I'd like to tell you about my first mushroom hunting trip. But I can't. It's a secret. Locations, techniques, everything.
Mushroom hunters are part of a secret society. They will share their secrets with each other, but only in very vague details. And the closer you are to their territory, the more vague the details get. And as you get really close, what little information they give turns into disinformation. Such as taking circular erratic paths to your destination so people cannot follow your trail. I'm not making this up. We're talking full on espionage tactics here.
So I felt very honored that my step-father agreed to take me mushroom hunting with him. I really was mostly joking when I mentioned in my previous post
. Not only did he take me with him, but he took me to one of his ultra-top-secret locations
. So guarded is this spot that he's never brought anyone there, not even his dogs. About all I can tell you is it was located in Northeastern Nebraska and we were surround by trees. That's all you're getting out of me.
I do at least get the satisfaction of claiming I found the first morel of the day
. But beyond that, my hunting skills were pretty dismal. Every dead tree called my name, but I think they were in cahoots with the mushrooms because none lead to the prized hole ridden fungus I was searching for. After about an hour of searching on my own, I made my way back to my guide, who by this time had about a half a bag full of morels. With a little more guidance I found a couple of more on our way out, but nothing to really brag about.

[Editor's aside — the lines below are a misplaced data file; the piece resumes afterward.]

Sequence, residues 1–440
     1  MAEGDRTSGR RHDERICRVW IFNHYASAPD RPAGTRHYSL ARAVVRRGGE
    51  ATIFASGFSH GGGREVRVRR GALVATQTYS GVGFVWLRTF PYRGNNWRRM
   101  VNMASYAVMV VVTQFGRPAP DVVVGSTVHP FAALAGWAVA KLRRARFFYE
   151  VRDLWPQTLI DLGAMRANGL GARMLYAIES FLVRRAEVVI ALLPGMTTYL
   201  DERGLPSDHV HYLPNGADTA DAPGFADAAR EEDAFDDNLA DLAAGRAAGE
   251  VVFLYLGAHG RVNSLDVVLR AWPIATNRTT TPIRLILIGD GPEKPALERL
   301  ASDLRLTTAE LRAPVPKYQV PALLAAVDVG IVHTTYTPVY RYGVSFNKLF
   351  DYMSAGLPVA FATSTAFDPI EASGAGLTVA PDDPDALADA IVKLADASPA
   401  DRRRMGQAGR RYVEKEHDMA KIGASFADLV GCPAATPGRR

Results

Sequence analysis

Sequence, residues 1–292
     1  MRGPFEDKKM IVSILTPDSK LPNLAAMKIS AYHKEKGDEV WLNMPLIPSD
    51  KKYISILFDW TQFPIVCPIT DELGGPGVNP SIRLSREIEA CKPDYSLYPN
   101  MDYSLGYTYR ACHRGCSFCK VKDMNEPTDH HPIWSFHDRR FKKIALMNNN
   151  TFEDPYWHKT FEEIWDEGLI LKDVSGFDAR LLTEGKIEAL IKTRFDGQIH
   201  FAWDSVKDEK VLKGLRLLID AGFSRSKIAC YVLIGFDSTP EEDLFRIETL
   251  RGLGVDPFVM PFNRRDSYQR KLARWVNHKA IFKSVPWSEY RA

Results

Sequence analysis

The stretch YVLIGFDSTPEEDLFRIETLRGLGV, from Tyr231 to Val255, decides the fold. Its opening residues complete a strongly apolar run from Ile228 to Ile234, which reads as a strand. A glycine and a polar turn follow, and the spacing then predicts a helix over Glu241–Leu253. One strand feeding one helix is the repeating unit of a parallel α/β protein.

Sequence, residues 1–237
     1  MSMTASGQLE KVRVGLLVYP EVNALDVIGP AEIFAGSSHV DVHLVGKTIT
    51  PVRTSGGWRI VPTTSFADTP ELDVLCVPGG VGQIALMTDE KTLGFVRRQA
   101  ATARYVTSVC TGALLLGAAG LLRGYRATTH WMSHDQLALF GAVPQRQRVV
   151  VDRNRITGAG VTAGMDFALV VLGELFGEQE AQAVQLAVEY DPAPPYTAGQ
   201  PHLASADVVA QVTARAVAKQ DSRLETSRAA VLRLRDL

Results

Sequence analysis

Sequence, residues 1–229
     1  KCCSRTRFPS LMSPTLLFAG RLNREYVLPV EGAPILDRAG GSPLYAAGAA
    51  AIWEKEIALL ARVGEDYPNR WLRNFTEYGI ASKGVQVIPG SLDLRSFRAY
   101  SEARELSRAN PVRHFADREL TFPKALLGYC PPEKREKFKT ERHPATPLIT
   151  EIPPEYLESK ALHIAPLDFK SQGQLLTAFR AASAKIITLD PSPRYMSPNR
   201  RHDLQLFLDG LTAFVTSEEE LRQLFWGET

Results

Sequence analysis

After cleaning, soaking and drying our bounty, we prepared the mushrooms a couple of different ways. My mom breaded and pan fried
a batch because that's how her mother always did it. Not bad, but a little heavy for the delicate taste of morels. I'd like to try them with panko crumbs or tempura batter. My step-father sauteed a batch in a bit of butter because that's how his mother always did it. Again, not bad, but the butter was a little heavy for the delicate taste of morels. I'd like to try them with a light olive oil and *maybe* a little garlic. Of the two methods, I liked the sauteed morels
better, but it was nice to have the breaded morels
for a change of texture. The next morning we made scrambled eggs with them, both on the side and mixed into the eggs. Very tasty, but they were better just on the side or maybe as an omelet filling. Either way, leave them in larger meatier chunks. Just curious, has anyone tried them steamed?
So that was my first morel mushroom hunting trip. Very fun, but now I think I'm hooked, so I have yet something else to obsess about. If you too want to become obsessed, I'll leave you with this parting tip for finding morels. Morels are finicky species and only grow under certain conditions. Despite what my pictures may lead you to believe, look for them under bonsai trees in densely populated urban areas for a delectable treat.
** UPDATE **
Per the Nebraska Games and Park Commission’s Web site, "when oak leaves are the size of a squirrel's ear, when lilacs and woodland violets are blooming, when the first asparagus breaks earth, on Mother's Day – that's when you start looking for wild morel mushrooms." Look on the north-facing hill side slopes and moist wooded area under rotting elm trees.Learn more
Labels: STORY, TIPS